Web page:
For the past several years, I have experimented with several antidepressant medications. Something I have noticed is that each medication affected my dreams differently. For example:

When I was taking Celexa, I would have very vivid dreams of people I loved rejecting me or trying to murder me. This caused me to wake up devastated, a mood state that continued throughout the day as it took a toll on my self-esteem and desire to interact with others. Right now I am currently taking Prozac, which has now been combined with the mood stabilizer Lithium. Prozac makes my dreams very vivid in terms of colors and detail. These dreams are always random and a little odd, but usually neutral in feeling. Combined with the Lithium, my dreams are not only vivid, but the content is now everyday normal events such as talking to a friend or walking up the stairs at school. Because of this, I have difficulty differentiating between reality and what was just a dream.

Out of curiosity about how dreams are affected by psychotropic medications, I made a post on Facebook, Instagram, and Reddit asking people to share what they have observed with their own medication experimentation. I found that people had similar experiences as me:

“When I was on Celexa, it gave me really fucked up dreams. Like dreams that should feel like nightmares but don’t. They were in black and white and very violent, like watching someone get tortured or me beating the shit out of someone. Everything had this sort of ‘dead’ feeling to it. Those dreams messed with me throughout the entire day. Couldn’t think straight. Thankfully I’m not on those kinds of drugs anymore. Now that I’ve been on Lithium my dreams are like OP’s: boring and realistic to the point where I can confuse reality with something that I saw in my dreams.”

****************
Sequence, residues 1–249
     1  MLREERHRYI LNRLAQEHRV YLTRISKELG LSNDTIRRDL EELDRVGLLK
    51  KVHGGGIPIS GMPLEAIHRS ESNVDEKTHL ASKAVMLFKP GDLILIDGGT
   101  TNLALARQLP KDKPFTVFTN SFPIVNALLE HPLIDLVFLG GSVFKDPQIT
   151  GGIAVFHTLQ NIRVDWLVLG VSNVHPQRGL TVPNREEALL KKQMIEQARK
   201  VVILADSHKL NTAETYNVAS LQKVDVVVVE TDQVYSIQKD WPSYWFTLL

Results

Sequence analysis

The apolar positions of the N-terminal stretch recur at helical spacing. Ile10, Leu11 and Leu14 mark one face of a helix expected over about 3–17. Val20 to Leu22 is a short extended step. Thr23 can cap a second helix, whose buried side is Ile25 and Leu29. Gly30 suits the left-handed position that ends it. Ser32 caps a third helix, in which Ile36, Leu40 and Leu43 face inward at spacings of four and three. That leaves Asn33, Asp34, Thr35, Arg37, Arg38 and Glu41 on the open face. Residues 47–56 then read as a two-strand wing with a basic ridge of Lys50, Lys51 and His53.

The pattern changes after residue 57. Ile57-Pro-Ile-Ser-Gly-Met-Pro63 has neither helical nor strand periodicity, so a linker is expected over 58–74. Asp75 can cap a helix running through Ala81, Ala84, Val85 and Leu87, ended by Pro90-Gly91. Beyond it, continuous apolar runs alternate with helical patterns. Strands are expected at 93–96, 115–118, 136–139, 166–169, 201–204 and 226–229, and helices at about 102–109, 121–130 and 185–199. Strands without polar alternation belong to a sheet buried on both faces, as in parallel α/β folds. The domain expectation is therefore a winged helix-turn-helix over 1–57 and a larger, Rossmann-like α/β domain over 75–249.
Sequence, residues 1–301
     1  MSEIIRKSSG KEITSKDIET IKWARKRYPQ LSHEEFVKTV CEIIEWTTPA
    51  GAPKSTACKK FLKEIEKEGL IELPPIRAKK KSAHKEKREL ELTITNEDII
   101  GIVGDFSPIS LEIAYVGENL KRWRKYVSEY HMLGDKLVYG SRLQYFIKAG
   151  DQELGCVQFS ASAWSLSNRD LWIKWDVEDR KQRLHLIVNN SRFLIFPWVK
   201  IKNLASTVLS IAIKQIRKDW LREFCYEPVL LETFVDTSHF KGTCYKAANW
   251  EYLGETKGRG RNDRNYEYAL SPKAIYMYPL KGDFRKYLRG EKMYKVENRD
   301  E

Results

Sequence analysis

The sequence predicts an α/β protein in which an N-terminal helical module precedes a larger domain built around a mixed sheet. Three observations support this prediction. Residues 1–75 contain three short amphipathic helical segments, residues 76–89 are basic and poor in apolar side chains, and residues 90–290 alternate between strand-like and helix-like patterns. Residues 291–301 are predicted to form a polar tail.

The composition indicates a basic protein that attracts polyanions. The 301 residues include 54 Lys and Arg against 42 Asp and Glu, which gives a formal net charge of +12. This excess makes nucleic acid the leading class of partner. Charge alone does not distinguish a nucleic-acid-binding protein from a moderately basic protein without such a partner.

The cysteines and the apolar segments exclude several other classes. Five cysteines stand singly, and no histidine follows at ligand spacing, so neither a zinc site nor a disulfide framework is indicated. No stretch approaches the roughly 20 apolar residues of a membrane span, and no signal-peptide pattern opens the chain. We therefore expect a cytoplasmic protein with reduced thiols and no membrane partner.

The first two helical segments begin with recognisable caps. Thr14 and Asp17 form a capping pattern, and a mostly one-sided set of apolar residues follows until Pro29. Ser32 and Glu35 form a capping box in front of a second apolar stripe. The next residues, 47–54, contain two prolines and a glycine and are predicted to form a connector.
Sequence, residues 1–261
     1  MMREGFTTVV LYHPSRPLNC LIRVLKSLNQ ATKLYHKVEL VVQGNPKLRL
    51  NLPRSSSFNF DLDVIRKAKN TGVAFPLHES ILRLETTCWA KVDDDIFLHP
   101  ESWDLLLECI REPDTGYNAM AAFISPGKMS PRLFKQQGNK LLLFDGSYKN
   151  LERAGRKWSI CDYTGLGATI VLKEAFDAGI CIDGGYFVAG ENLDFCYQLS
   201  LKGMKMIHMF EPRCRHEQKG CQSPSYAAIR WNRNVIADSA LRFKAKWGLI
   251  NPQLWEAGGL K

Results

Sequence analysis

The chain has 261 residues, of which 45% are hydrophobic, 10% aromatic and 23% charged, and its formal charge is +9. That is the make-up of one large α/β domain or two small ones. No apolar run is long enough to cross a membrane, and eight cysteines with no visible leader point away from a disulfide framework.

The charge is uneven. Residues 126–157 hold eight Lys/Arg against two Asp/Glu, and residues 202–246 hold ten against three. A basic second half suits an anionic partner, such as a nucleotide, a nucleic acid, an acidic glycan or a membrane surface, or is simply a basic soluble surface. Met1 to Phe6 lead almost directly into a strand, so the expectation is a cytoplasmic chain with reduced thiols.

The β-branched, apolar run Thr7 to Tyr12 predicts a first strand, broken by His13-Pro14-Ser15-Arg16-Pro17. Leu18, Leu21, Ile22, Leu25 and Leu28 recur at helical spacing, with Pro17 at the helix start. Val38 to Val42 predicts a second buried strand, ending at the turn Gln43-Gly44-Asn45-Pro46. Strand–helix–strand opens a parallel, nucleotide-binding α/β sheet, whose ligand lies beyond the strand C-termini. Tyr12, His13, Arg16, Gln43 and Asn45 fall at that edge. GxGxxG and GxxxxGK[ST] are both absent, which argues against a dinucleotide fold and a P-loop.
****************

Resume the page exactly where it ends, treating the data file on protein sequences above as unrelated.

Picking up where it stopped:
“I just started Lithium and noticed that my dreams are getting more vivid and lengthy. Yesterday I even considered keeping a dream journal again bc I feel as though I’m dreaming more.”

“Same with Prozac. I’ve been on it for almost two years and dreams were always vivid, I could remember all the details of at least two different dreams (usually 3, sometimes 4) every morning. They were mostly about the people I knew, but were not close to me or anything. And just weird situations going on.”

Prozac gave me some weird, vivid dreams.”

Prozac doesnt make me have nightmares, but I do get really weird dreams that usually focus on my past.”

Now, some people had slightly different experiences with this medication, making dreams less vivid:

“I have always have very vivid anxiety nightmares and Prozac makes them stop for the most part. They start right back up if I stop taking it.”

Here are some other medications that were commonly brought up:


“Zoloft made me have super vivid and realistic dreams… Sometimes the things that happened in my dreams were so plausible that I couldn’t always differentiate between dream memories and memories from reality.”

“Zoloft gave me realistic death dreams for over a week.”

“Zoloft gives me pretty bad night terrors, but sometimes really good dreams. It’s confusing.”


“Effexor also gave me weird, vivid dreams.”

“I have extremely violent dreams that wake me up every night from my Effexor.”

“I take Effexor and every night is like the most vivid and surreal movies play in my head.”


“This medication gives me horrid, bizarre nightmares.”

“I just started seroquel and I have such vivid dreams, I often can’t remember what happened in real life and what happened in dreams. I’ll quote things people have said to me only to find out that I dreamed it and they have no idea what I’m talking about. The dreams themselves are pretty ordinary but upon waking it’s hard to discern real memories from dreamed ones.”

No matter the medication, there are some common themes we see in how psychotropic medications affect dreams: (1) they cause nightmares, (2) they increase the vividness of the dreams, and (3) they make dreams more realistic. Do you think the way a medication affects your dreams is determinant of how successful that medication will be for treating your condition?